Guy´s Nightmare

As Avenue de la Couronne nears its end at the cemetery of Ixelles, there is No 476 with a clandestine bar. Guy goes there because he is lonely and seeking women. Ute is young and brimming with womanhood. Diane is a huntress who kidnapped a baby to protect it from harm. The stories interweave, as they usually do.

The second virus attack hit harder than the first one and people´s tolerance to restrictions has restricted itself. Nevertheless, the Corona Bar on the Avenue de la Couronne 476 “tenait le coup”, as they say in Brussels. When all bars in town closed again in the middle of October, the message of a clandestine drink place spread around and the bar crew had hands full of work. The barred windows overlooking an enclosed yard let little light in. That was good, as the windows could easily give the clandestine place away. The bar had easy opening hours, almost any time Now. It was good for more reasons; several unemployed people have found here a way to earn some extra money to the meager allowance the state offered.

Guy has taken up a habit of coming over to the bar twice a week – on Thursdays and Saturdays, exceptionally of Sundays, too. It was an expensive pass-time. Nevertheless, a diverse one. In the course of months, more and more artists drifted to the bar: circus people, musicians and actors without jobs, and writers. Some of them alcoholics, some not. The place was reeking with existential doubts, it condensed the collective psyche into an essence of nearly-despair, but not quite, despair that is bearable when shared and that, to be honest, is better than boredom. Saturdays transformed themselves into performance nights spontaneously; Guy still remembered one of the very first on when he came to the bar on Saturday in the usual time. After a late lunch he had prepared for himself, a nap and a masturbation round to ease the swollen itchy crotch; he took his jacket, some fifty coronas, (the only cash that was used in the bar and that he changed for Euros when he run out of the stock). He put on a jacket, tied up the laces of his sneakers and walked from his apartment in Ixelles towards Avenue de la Couronne. He was welcome as a regular, with a casual nod. Georges, the bartender, was talking to a lean timid guy, Luc, who was sipping vodka orange looking melancholic, as usual. Luc was not a drinker, the one vodka orange lasted him for hours. They were commenting on how shitty city life has become; on sport and women, the usual topics. Guy took a seat at the bar and received the first beer of the night. No women in sight, but that could change swiftly. Sometimes, Guy was lucky and the evening ended up with a toilet blowjob or, occasionally, also with a female companion brought to his apartment overlooking the Flagey square.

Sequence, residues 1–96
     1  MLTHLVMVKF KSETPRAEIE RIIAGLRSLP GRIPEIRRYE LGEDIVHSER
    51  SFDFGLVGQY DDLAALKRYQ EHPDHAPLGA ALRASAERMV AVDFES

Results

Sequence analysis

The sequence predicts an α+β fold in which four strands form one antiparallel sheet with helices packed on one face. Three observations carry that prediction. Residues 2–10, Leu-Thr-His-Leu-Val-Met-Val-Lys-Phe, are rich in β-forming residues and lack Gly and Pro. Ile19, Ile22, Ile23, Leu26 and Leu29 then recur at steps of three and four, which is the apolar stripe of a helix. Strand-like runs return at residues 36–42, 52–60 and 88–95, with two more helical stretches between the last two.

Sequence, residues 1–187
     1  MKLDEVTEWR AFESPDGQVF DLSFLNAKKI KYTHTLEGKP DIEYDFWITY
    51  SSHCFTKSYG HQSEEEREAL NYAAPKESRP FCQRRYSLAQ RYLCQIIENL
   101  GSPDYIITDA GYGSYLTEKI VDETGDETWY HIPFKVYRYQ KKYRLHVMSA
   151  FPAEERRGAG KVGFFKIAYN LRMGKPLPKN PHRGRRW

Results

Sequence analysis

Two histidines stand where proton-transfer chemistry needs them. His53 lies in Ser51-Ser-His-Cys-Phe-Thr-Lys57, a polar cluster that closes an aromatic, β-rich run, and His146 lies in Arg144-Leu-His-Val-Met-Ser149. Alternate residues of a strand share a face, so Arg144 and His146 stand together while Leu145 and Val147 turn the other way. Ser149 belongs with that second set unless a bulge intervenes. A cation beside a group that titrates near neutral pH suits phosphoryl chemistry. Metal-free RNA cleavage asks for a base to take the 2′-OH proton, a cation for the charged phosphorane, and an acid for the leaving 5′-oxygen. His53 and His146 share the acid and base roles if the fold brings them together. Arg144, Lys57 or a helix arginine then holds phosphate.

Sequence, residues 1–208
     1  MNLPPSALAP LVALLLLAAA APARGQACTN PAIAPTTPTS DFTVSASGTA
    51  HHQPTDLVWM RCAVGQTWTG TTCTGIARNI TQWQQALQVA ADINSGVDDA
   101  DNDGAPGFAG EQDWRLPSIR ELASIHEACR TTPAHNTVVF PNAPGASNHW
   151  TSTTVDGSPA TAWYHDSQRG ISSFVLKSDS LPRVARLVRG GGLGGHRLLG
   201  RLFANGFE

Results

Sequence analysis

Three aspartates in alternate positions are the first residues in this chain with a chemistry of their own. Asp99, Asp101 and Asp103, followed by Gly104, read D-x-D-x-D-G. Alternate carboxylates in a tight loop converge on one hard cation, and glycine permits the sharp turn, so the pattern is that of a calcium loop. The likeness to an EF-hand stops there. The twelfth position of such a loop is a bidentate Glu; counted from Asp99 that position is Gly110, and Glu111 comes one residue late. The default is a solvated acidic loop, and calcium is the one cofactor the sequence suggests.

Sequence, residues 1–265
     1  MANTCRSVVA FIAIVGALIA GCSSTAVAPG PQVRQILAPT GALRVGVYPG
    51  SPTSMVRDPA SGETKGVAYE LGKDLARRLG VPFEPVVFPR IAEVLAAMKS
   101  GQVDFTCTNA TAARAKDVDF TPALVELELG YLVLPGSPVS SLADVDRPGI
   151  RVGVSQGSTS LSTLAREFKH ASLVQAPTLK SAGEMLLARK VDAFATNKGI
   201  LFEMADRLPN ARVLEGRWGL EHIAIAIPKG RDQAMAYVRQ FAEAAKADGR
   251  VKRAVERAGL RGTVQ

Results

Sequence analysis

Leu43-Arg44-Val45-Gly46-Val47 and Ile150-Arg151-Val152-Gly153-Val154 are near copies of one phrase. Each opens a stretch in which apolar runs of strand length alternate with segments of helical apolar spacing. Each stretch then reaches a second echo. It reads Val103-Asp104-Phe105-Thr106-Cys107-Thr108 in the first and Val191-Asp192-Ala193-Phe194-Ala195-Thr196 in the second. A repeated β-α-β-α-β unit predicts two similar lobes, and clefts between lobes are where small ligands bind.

“How is everybody?” Though usually timid, he fitted in with more boldness, as he considered the bar his second home already.

“What do you mean? Great, of course,” Luc responded. “Can´t be any better,” and, suddenly, he started singing a song in French.